Doktorsvörn Margrétar Valdimarsdóttur

Margrét Valdimarsdóttir lektor í lögreglufræði við Háskólann á Akureyri varði doktorsritgerð sína í afbrotafræði.
Doktorsvörn Margrétar Valdimarsdóttur

Þriðjudaginn 28. apríl varði Margrét Valdimarsdóttir, lektor í lögreglufræði við Háskólann á Akureyri, doktorsritgerð sína í afbrotafræði (e. criminology and criminal justice) við Borgarháskólann í New York (e. City University of New York). Titill ritgerðarinnar er: Examining the contextual effects of racial profiling, and the long-term consequences of punitive interventions: Testing labeling theory with the National logitudinal study of adolescent to adult health data.

Leiðbeinandi verkefnisins var dr. Amy Adamczyk, prófessor í félagsfræði við Borgarháskólann í New York. Í nefndinni voru einnig dr. Joshua Freilich, prófessor í afbrotafræði, og dr. Jeremy Porter, prófessor í félagsfræði, báðir við Borgarháskólann í New York. Utanaðkomandi nefndaraðilar (e. outside readers) voru dr. Jón Gunnar Bernburg, prófessor í félagsfræði við Háskóla Íslands, og dr. Chongmin Na, lektor í afbrotafræði við John Jay College of Criminal Justice.

Ágrip af rannsókn á ensku

The overrepresentation of minority youth in the juvenile justice system is well documented but more research has been needed on levels of discrimination, particularly on potential biases in the earliest point of contact such as police decisions to stop and arrest young people. Further, few researches have examined individual and neighborhood characteristics simultaneously which has limited the understanding of citizens’ experiences with the police. Focusing on potential biases in the juvenile justice system is important as recent research indicate that most types of interventions have diverse negative consequences for the lives of young people, such as increasing the probability of crime in adulthood.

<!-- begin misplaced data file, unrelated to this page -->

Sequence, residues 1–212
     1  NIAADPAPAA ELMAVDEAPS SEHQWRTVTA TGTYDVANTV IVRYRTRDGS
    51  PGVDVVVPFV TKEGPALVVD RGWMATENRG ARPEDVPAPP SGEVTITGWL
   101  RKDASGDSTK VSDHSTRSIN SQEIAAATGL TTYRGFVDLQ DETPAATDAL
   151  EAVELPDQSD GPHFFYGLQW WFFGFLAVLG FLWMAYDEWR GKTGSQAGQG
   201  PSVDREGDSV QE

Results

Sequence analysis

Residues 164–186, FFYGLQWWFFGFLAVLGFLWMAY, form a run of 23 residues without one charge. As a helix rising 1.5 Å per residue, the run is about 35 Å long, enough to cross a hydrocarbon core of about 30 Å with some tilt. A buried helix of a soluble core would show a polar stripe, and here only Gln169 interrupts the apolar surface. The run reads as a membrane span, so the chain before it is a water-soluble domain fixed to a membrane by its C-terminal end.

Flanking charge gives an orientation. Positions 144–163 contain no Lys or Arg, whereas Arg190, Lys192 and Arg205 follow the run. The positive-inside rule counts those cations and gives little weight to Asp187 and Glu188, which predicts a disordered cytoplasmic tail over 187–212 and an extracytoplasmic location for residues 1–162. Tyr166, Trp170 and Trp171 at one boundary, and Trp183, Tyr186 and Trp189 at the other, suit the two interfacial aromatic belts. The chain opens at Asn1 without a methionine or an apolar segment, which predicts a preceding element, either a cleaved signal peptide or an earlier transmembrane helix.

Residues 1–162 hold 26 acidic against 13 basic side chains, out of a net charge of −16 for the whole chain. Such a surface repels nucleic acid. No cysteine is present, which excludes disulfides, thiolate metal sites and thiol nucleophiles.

The current study builds on and addresses some of the limitations of previous research and uses data from the National Longitudinal Study of Adolescent to Adult Health (Add Health) to test several hypotheses related to the probability of having been stopped or arrested by the police in youth, and the long-term impact of punitive interventions by the police and school authorities.

Results generated from the multilevel analyses fail to show that racial and ethnic minorities are more likely than White youth to be stopped by the police. Independent of differences in behavior, Black youth are, however, more likely to be arrested than White adolescents. There is no significant difference between the probability of police stops or arrest for Hispanic and White youth. The probability of arrest also increases with increased concentrated disadvantage (concentrated poverty, a high proportion of single-parent households and a high proportion of residents without a high school diploma).
Interventions in adolescence (being arrested or suspended/expelled from high school) do not decrease subsequent crime, but instead lead to more crime in adulthood. The findings indicate that this is partly because these interventions have a negative impact on adult SES, particularly interventions by school authorities. The current study also indicates that Black youth and young women are more vulnerable to the negative consequences of interventions than other groups.